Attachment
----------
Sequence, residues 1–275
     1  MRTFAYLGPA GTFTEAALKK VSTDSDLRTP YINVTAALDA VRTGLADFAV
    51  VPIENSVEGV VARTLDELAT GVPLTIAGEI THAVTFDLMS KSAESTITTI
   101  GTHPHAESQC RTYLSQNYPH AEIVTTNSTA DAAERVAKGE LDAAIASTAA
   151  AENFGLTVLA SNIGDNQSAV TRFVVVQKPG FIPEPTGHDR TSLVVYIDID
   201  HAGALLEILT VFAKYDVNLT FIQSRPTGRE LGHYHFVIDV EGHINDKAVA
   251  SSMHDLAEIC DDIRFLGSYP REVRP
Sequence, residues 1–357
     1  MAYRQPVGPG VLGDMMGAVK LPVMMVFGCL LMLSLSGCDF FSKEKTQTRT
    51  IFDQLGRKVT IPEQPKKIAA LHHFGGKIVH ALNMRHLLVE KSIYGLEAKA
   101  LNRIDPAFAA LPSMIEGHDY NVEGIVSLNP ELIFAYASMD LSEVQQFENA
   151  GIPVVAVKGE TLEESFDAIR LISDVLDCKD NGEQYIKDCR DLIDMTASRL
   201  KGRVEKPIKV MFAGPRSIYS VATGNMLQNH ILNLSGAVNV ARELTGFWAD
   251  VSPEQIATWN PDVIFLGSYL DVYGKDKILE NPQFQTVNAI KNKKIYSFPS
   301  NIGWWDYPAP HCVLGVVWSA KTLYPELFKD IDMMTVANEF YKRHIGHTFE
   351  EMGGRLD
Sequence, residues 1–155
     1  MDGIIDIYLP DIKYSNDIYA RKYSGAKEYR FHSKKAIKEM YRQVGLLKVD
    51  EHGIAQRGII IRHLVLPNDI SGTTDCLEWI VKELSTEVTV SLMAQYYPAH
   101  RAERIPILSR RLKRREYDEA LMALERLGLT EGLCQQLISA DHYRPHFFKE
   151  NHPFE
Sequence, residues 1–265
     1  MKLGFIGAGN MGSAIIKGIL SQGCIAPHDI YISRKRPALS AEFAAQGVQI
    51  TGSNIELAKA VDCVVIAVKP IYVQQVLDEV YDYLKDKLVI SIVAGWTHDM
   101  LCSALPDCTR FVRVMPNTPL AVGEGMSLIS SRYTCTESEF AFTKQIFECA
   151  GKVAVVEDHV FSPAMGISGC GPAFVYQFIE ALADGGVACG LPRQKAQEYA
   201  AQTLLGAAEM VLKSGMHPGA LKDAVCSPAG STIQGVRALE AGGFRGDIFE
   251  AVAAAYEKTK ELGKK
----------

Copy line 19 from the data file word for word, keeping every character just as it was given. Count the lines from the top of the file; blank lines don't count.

    51  EHGIAQRGII IRHLVLPNDI SGTTDCLEWI VKELSTEVTV SLMAQYYPAH